Gangadhar: Part III of III

Shiva stood up, slowly. His movements deliberate, trance-like. His eyes were still half-closed, they always were. His forehead glowing with a soft crimson light, his throat blue with the ‘halahal’ he had swallowed for saving the world from destruction. The moon glistened softly from behind his head framed by the furious locks. The lord of the moon, the Somshekhar, stood up and raised his arms high, signaling that he was ready. The great locks of his hair moved as if they had a life of their own. Trembling with a vitality of their own, they moved upwards, as if drawn towards the sky; expectant! It was a sight to behold – the tall Yogi, with his ash smeared, sinewy limbs pointing towards the sky; his locks of hair moving like serpents, progressing skywards, and forming the receptacle into which the divine waters will descend. His eyes were almost completely closed now, the glow on his forehead throbbed and pulsated, his form majestic, his limbs powerful, his torso covered with the skin of a dead elephant, Shiva stood on the Kailash, barefoot and ready to receive the Ganga. The ganas had moved away now, making space around Shiva, not knowing how much space was sufficient. They waited, anxious, happy, tense!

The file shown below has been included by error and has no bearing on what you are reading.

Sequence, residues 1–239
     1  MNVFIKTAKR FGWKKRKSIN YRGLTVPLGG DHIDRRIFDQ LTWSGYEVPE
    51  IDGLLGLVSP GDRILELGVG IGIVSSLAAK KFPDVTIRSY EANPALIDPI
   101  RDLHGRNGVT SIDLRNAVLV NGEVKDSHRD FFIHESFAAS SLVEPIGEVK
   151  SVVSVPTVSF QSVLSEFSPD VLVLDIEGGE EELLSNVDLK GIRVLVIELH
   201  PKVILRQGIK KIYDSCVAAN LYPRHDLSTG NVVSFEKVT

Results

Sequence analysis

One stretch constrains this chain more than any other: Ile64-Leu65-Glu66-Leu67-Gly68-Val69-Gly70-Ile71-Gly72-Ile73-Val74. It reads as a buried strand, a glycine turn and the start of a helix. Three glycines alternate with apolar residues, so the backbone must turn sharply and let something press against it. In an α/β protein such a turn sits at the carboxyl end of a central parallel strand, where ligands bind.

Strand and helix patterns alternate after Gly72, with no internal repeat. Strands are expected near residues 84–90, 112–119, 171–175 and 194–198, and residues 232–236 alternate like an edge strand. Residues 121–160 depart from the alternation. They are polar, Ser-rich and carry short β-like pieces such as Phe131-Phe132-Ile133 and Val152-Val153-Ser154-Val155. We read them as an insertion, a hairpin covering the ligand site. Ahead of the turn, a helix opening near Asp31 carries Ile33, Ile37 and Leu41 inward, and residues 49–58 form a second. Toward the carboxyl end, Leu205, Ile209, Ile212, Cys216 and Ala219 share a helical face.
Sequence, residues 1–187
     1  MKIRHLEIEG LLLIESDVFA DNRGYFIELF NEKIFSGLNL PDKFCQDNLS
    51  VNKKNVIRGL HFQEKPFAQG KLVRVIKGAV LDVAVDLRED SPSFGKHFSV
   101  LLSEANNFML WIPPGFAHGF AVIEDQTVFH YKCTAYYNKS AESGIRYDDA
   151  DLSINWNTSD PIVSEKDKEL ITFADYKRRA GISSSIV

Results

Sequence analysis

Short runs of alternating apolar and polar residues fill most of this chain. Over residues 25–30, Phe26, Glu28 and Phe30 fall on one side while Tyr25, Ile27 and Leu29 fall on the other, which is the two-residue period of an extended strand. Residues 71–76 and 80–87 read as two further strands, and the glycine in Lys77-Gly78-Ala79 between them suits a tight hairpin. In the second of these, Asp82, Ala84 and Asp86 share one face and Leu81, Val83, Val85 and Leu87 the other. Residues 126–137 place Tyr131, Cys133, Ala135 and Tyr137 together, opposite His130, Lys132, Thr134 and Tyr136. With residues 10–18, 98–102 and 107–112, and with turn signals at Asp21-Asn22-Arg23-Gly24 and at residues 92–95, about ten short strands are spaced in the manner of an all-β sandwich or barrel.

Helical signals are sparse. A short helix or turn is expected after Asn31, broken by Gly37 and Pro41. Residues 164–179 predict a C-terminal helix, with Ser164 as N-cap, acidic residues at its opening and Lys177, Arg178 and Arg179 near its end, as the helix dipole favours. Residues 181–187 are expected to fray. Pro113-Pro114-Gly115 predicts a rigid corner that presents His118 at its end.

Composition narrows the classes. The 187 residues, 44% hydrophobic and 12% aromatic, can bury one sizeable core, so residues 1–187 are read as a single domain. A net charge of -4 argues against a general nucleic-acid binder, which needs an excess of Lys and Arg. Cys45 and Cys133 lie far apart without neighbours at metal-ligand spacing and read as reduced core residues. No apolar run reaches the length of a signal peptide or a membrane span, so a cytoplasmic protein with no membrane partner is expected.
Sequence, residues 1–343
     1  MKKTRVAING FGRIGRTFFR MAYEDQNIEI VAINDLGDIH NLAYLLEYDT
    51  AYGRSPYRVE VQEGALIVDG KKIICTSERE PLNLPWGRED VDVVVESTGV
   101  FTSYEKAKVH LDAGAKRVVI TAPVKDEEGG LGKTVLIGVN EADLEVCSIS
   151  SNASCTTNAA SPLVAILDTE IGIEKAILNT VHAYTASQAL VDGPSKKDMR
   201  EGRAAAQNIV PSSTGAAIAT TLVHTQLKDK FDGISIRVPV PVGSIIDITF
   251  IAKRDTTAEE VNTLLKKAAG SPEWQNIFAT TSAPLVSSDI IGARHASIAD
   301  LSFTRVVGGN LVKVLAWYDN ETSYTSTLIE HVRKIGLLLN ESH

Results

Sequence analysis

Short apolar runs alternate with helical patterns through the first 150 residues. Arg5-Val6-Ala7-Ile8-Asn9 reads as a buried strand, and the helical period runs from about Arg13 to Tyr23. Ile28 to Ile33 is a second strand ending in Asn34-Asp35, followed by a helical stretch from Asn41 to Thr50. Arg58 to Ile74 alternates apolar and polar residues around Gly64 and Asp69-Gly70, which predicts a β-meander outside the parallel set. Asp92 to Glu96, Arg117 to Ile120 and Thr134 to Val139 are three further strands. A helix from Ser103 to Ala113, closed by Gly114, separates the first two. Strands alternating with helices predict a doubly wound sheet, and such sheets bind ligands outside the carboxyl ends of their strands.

The heavens were crowded by the celestial beings, the divines and the semi-divines all came to witness the great miracle that was about to unfold, the epoch-defining moment was at hand and they all wanted to be part of it. Far, far above, in the heavens, Brahma waited for the nod to come. He waited for the one whom the devotees called Hari, the one who slept on the endless ocean of milk, the Ksheer Saagar! He was Shiva’s alter ego, his counter balance. He was the one whose feet the Ganga washed, he was the one who had broken the cocoon of this world when he had measured the world in three strides, the one who let the cosmic, primeval waters of Ganga into the heavens. When the Ganga washed his saffron colored feet, she flowed red, and she became the ‘Bhagwatpadi’, the fortunate one who washes the feet of the Lord. Ever since, she had stayed in the heavens, serving the divine. Her good fortune had gone to her head and made her arrogant. She was proud, the pride had to be broken; she must descend to the earth to serve the mortals, she must serve a greater purpose than she did in the heavens. Ganga did not know this, but Shiva did, as did the one who slept on the bed of the cosmic serpent, the Shesh-nag. His name was Maha Vishnu, the blue God. The grandfather of all creation, Brahma, had been born on a lotus, the padma, which had blossomed from Hari’s navel; hence he was called the padmanabh. It was for his signal that Brahma now waited.